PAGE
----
Alaska, the Last Frontier - Summer 2012 travel blog

fall colors

typical Alaska cabin

church

burn line

Eagle

Eagle

fall colors

road to Eagle

Taylor Highway

add-on cabin


Tourist literature and blogs from other travelers encouraged us to make the fifty mile drive to Eagle from Chicken. Scary warnings about narrow, twisting road with soft shoulders lead us to leave the motor home in Chicken and make the drive by car. It was a spectacular road winding up one mountain and down another, following streams at times. Fall colors are in full force. The ground cover and shrubs provide vivid reds and oranges in contrast to the yellow aspens and deep green spruce. You would think we took a lot of photos along the way. You would be wrong. It didn’t rain much, but leaden skies did not provide the vivid blue contrast we love in fall foliage photos. Oh. well. The drive took about three hours without a lot of stops. On a nice day we would have been on the road to Eagle for twice as long.

Eagle is a town that is hanging on by its toenails. In the early 1900’s it was a wild west gold rush town of 2,000 residents, known for lawless behavior. The first federal judge was stationed here to bring justice to a territory that encompasses about a third of what is the state of Alaska today. Very few miscreants were found guilty in his court room. It wasn’t his fault. They were tried by a jury of their peers and there were few law abiding folks in Eagle. Judge Wickersham finally gave up and moved his court to Fairbanks.

Eagle was supposed to be on the newly built Alaska railroad, but by the time it got this far north, the gold miners had moved further west and the railroad did, too. Because it is on the Yukon River and a pleasant boat ride away from Dawson City, it stayed in the gold miner travel loop for many years and sometimes six boats a day made the trip between the two cities. These paddle wheel steamers required a cord of wood per mile and kept many loggers in business. In more modern times the boats carried cruise ship passengers who had come north by railroad from Skagway to Whitehorse and then came to Eagle by boat. The cruisers shopped in Eagle, buying handicraft items that the locals produced during the long dark winter. Many took walking tours of Eagle, just as we did today. They boarded buses and continued their tours to Fairbanks. Then Mother Nature intervened.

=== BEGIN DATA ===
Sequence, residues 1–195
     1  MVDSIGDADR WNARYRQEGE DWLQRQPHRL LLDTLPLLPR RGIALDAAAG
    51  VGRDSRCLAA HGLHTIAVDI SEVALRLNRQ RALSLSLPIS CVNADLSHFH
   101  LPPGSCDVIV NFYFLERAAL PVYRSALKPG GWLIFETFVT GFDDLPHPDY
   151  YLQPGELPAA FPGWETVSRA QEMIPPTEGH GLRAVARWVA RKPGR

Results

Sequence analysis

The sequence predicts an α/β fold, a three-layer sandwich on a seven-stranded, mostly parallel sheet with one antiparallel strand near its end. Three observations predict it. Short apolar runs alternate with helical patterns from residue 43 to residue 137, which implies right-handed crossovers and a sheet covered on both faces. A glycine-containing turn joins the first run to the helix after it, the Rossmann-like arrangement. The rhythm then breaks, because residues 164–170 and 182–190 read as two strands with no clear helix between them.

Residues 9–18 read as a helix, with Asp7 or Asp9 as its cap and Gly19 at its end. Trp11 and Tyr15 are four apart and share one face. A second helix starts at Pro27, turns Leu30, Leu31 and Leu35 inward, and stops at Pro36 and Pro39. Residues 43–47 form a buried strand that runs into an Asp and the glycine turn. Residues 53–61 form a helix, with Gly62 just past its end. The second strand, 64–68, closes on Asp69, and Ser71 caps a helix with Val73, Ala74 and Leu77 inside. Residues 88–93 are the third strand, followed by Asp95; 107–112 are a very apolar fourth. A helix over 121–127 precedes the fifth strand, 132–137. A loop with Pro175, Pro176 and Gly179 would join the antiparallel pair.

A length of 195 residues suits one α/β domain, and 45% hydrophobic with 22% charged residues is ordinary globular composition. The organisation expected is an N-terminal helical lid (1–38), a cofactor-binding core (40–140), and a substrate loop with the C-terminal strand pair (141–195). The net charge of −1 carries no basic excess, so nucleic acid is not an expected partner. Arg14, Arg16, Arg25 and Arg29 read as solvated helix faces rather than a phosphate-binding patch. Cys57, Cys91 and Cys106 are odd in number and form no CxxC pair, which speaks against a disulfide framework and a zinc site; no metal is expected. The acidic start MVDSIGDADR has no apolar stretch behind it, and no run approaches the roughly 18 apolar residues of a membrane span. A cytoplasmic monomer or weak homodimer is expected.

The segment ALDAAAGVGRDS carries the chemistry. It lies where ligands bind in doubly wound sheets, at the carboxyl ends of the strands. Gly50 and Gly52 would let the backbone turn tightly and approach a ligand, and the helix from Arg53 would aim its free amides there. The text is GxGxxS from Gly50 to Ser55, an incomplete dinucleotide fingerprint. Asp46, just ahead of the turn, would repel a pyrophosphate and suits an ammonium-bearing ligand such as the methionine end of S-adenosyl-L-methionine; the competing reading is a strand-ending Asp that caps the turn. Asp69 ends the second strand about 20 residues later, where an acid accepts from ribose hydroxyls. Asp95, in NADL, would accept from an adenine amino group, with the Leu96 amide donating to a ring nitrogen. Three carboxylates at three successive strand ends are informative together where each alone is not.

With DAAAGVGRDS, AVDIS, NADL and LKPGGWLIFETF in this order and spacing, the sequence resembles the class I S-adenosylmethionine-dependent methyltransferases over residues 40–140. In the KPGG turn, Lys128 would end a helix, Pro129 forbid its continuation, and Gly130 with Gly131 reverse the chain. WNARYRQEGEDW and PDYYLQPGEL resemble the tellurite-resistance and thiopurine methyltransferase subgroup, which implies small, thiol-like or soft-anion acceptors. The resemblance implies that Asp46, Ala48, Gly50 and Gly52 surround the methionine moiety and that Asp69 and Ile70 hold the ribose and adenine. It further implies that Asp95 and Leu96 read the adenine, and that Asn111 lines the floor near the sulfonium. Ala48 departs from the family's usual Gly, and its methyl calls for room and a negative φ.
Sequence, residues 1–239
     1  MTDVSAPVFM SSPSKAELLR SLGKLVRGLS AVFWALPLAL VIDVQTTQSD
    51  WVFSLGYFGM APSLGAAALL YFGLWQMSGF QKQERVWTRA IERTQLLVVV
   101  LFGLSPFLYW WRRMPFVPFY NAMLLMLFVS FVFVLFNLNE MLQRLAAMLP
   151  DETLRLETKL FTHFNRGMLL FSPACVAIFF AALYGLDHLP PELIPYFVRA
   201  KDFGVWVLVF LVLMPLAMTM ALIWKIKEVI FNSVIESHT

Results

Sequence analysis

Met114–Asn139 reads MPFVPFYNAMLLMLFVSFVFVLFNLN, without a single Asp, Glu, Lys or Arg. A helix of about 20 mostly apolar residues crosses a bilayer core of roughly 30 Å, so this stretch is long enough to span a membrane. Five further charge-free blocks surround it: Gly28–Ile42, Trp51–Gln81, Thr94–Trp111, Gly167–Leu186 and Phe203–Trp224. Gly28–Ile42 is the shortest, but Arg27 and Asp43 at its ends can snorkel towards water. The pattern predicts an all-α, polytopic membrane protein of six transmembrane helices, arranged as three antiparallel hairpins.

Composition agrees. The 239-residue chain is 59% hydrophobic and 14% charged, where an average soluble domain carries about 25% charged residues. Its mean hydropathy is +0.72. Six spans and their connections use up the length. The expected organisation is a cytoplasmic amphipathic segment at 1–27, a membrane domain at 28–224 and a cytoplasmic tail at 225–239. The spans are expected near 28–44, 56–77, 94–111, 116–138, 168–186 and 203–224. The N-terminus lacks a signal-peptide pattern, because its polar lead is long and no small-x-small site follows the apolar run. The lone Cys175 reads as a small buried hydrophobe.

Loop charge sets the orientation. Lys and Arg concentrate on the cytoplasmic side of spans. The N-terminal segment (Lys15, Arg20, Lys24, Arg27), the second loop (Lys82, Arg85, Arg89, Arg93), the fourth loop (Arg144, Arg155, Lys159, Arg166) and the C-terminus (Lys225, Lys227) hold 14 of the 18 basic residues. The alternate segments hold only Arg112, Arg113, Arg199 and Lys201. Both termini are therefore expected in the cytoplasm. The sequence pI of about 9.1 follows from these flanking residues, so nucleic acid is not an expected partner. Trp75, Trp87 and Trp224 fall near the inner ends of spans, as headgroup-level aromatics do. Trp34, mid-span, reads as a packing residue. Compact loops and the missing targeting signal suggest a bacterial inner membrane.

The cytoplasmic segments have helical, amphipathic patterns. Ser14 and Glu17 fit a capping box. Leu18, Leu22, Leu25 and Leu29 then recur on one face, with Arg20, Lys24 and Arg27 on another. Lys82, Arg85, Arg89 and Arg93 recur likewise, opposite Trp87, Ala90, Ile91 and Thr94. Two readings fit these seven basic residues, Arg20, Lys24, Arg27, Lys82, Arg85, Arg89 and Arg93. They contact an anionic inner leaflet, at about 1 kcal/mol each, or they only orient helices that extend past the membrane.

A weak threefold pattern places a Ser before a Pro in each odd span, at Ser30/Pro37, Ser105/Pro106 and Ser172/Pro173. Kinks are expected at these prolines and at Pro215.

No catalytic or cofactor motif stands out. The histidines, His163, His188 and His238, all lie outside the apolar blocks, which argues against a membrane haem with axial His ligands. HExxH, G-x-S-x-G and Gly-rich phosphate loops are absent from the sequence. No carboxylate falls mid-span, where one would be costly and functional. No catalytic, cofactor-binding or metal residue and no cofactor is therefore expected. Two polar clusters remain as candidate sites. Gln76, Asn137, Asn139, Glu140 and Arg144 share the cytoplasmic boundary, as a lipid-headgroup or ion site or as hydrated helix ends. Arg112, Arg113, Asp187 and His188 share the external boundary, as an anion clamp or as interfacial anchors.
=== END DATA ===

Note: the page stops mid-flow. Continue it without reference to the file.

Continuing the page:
The spring thaw and ice break up on the rivers is a big deal all over Alaska. It signals the end to the long, long, dark winter and the arrival of spring. A perfect storm of conditions during the spring thaw of 2009 almost wiped Eagle off the map entirely. Snowfall had been heavier than usual and the Yukon River was frozen deeper than usual. Then a string of 70º days coupled with spring rain broke everything loose. The ice chunks were so big, they jammed the curves in the river and the ice chunks, some as big as cars, floated two blocks into town, knocking buildings off their foundations. Some were found 75 feet away from their original locations. Those buildings that weren’t damaged by ice chunks were flooded. There was no loss of life, but this historic town was devastated. Then in 2010 the road we drove today was washed out by unusually heavy rains. No more boat visits from Whitehorse and Dawson. No more buses out of town.

Since then much of the town has been rebuilt, but the loss of tourism has brought down their revenue 80%. When we visited the National Park Visitor Center and watched the video of the ice break up, we were the only ones there. When we took the walking tour of the historic buildings in the town and nearby Fort Egbert, we were the only ones there. We left wondering if the next tourists who happen by will be touring a ghost town. Life can be very hard in Alaska.

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